by Hope Madden
Life imitates art in a film about a struggling photographer, a young prostitute, and an art world more interested in profit than humanity (or art).
Choir Girl, writer/director John Fraser’s thriller, sets itself inside and outside the world of art. Eugene (Peter Flaherty) takes old school film photos of what he sees around him in his dicey neighborhood: kids overdosing, violence, prostitution.
The photos, like the movie itself, use pristine black and white to give even the most awful content an artful sheen. One photo, in particular, gets Eugene the attention of an ambitious art magazine editor with big things in mind. In it, an underaged girl (Sarah Timm) stares desperately from the abyss of the darkness around her.
From here Fraser’s film turns quickly to gritty thriller with overtones of Cronenberg’s masterpiece Eastern Promises and, even more strikingly, Gerard Johnson’s underseen 2014 thriller Hyena.
The separation and commingling of the two worlds—dangerous streets and high-end art—offers Fraser opportunities to compare and contrast. Who is being prostituted, exactly?
It’s not an uncommon critique of the industry of art, but Fraser’s insights are sincere.
Choir Girl’s success rises and falls with Flaherty’s performance. Eugene needs to be simultaneously sketchy and innocent—not one or the other—even in his own mind. Flaherty pulls off this balancing act with a performance that’s sometimes tender, often nasty, but one that never feels manufactured.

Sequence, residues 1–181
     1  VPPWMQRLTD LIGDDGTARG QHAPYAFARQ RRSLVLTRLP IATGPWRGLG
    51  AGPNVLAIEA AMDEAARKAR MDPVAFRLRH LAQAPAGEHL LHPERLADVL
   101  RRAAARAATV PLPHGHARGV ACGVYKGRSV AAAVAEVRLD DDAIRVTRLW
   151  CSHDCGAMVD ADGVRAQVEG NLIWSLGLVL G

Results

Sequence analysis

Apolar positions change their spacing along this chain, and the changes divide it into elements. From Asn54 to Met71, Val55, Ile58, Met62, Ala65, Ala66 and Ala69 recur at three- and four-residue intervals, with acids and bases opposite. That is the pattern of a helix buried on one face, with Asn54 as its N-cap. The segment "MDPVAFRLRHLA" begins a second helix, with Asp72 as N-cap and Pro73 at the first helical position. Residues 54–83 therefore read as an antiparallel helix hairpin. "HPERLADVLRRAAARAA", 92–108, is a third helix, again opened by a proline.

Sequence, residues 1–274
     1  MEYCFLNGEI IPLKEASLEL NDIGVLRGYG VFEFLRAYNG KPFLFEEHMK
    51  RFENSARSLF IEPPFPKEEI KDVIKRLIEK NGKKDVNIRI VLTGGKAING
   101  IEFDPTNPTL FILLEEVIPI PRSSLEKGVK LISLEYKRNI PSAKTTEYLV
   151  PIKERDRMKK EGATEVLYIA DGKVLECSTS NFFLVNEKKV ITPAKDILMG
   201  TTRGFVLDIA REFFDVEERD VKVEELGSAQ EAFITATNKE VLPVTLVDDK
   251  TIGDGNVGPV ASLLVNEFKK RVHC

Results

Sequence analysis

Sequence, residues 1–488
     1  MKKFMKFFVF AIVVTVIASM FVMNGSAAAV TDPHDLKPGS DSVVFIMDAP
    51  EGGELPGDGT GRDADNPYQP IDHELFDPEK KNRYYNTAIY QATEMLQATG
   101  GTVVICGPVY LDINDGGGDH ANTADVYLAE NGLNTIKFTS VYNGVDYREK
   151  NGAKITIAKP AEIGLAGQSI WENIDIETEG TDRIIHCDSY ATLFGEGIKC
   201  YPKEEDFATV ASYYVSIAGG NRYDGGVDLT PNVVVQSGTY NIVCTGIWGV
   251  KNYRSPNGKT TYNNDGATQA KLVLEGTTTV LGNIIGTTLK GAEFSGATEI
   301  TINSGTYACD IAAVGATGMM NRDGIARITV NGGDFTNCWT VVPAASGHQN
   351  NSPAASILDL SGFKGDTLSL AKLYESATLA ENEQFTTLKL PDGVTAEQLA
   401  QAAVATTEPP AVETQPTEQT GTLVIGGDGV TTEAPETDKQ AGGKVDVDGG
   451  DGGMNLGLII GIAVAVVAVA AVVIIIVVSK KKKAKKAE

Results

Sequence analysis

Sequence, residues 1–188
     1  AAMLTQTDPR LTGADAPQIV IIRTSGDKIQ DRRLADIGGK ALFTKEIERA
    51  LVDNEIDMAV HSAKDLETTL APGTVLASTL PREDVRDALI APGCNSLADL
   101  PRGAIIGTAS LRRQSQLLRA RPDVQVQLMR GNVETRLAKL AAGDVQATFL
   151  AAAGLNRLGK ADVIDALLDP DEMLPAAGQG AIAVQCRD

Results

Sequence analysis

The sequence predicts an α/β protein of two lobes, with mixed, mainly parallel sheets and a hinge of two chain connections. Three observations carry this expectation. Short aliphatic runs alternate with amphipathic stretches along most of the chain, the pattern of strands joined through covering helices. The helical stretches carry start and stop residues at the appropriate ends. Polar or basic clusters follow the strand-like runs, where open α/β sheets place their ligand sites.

The surrounding performances are not as strong, although veteran Jillian Murphy brings layers to an important role.
Choir Girl asks ugly questions and gets ugly as it looks for answers. At times, the story feels dependent on too many contrivances. Never is that more evident than with the harrowing dramatic climax—a scene that is inevitable and yet unearned.
Credit to Fraser, the scene itself is not filmed to feel gratuitous. For a scene this lengthy and torturous to truly work, however, every element leading to it needed to justify it. Stronger storytelling would have helped.
It’s a big risk to take, and one that will undoubtedly displease some viewers, but that doesn’t limit the film’s powerful central performance or imaginative execution.